16 106 Comparative Perspectivas on Racism show positive feelings about a group, but (as is usual with disclaimers) this is followed by but and u statement that implies something negative about Them: I understand that many people want to come to Britain to work, but there is a procedure whereby people can legitimately become part of our community. (P4) Note that in this example another ideology is emerging, namely that of legalism: Whatever happens, the law must be respected, including the rules and regulations of immigration. This formulation also implies that when the Others break those laws, We can legitimately take action against Them. To avoid allegations of bias, speakers routinely engage in the well-known apparent negation disclaimer, which begins by denying a negative selfcharacteristic, but continues negatively about Them: I did not say that every eastern European s application for asylum in this country was bogus. However... (P46) The point of analysing these semantic moves is to show that all properties of meaning of a discourse may be affected by some ideological component of event and context models. Positive self-presentation applied to speakers and their groups is n strategy that is based on context models, and aims at managing the impression speakers make on recipients. Thus, avoiding an impression of being racist can only be explained in terms of social representations and ideologies speakers have about racism representations which may, of course, he inconsistent with those of a critical recipient or analyst, who may see such denials of racism precisely as a marker of racist speech. Anti-Racist Ideology Note that what has been argued for local semantics as controlled by racist ideologies, also applies to the influence of anti-racist, humanitarian, and other progressive ideologies. Here, instead of negative Other-presentation, one would expect to find various moves of positive Other-presentation, as well as genuine empathy with and sympathy for asylum seekers: It is a major step for Someone with legitimate fear to seek refuge in exile (P34) They are now living [al life of virtual destitution (P41 ) I wonder whether those who make decisions on refusing people asylum... have ever taken the trouble to sit down and listen to the stories of the people who have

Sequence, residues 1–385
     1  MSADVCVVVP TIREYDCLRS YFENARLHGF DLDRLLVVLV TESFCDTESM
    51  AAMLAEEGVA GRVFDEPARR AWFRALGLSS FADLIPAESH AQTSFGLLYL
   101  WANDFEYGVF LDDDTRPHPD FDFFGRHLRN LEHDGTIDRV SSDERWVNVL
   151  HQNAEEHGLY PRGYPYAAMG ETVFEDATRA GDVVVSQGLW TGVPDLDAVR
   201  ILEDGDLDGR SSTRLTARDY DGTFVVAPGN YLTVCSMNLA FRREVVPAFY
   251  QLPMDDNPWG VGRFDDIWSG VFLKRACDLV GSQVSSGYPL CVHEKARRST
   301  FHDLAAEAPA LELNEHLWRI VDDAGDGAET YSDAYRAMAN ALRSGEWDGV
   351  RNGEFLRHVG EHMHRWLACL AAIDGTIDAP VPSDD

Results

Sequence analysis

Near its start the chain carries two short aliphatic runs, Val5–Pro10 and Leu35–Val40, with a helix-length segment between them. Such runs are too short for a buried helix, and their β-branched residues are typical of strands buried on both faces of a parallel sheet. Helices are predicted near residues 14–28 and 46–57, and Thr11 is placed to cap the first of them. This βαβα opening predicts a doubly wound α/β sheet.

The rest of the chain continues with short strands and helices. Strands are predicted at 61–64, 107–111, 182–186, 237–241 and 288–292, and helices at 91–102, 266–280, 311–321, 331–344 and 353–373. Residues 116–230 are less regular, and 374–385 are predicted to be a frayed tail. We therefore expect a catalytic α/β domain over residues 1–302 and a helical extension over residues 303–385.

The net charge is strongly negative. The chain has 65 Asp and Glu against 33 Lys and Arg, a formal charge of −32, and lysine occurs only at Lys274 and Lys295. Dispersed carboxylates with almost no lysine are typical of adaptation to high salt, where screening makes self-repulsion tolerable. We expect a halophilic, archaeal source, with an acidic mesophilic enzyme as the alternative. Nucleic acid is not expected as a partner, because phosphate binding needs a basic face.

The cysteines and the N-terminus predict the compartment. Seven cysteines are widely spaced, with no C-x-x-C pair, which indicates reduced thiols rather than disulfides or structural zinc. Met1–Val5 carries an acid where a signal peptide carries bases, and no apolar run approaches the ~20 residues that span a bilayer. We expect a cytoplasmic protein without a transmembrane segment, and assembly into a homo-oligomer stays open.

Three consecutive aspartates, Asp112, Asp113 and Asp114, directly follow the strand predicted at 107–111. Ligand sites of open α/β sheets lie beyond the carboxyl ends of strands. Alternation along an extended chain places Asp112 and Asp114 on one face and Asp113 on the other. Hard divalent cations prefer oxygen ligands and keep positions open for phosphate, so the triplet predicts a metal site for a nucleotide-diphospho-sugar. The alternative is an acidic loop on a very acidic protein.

17 Comparative Perspectivas on Racism 107 been tortured and abused (P52) It is difficult for people to talk about torture experiences (P53) Hon. Members Should stop and think for a moment about the circumstances of those who cone to this Country seeking asylum (P55) Similarly, various semantic functional relations are to be expected, such as the provision of more general examples, for instance, about the terrible plight of asylum seekers: [No MP] has been woken up by the police at 4a.m., taken into custody (P34) If one has grown up in Iraq and has always been completely terrified of anyone wearing any type of uniform (P35) areas of oppression (P39) summarily imprisoned... beaten up etc. (P40) We Should consider the experiences of people who have fled countries (P40). [in the Ivory Coast] they crushed trade unions and they crushed student opposition, sending troops into various universities (P50) Note that these examples are not merely expressions of knowledge about the horrors asylum seekers have lived through. They are also selected and formulated as a function of underlying ideologies and social representations, for instance, critical ones about the police, the military, or oppressive regimes. Harassment, imprisonment, beatings, and crushed oppositions are part and parcel of the social representations of oppressive groups or institutions, as organised by a progressive, anti-racist or humanitarian ideology. Such negative representations may also be relevant for self-critical discourse about Our people, institutions or country: In the United Kingdom there has been a systematic erosion of people s ability to seek asylum (P3(,) The UK, for example, prides itself on its close relationship with Turkey, yet... (P49) Almost uniquely among European countries, this country routinely puts in prison people who seek asylum (P54) In this country, people who say that get routine abuse from Home Office Ministers and Conservative Members (P55) The Government s regime on asylum seekers is creating a serious situation (P57) Note though that the ideological polarisation between Us and Them in these anti-racist examples is not between Us-English and Them-Foreigners, but presupposes a split within the ingroup itself. The speaker is not merely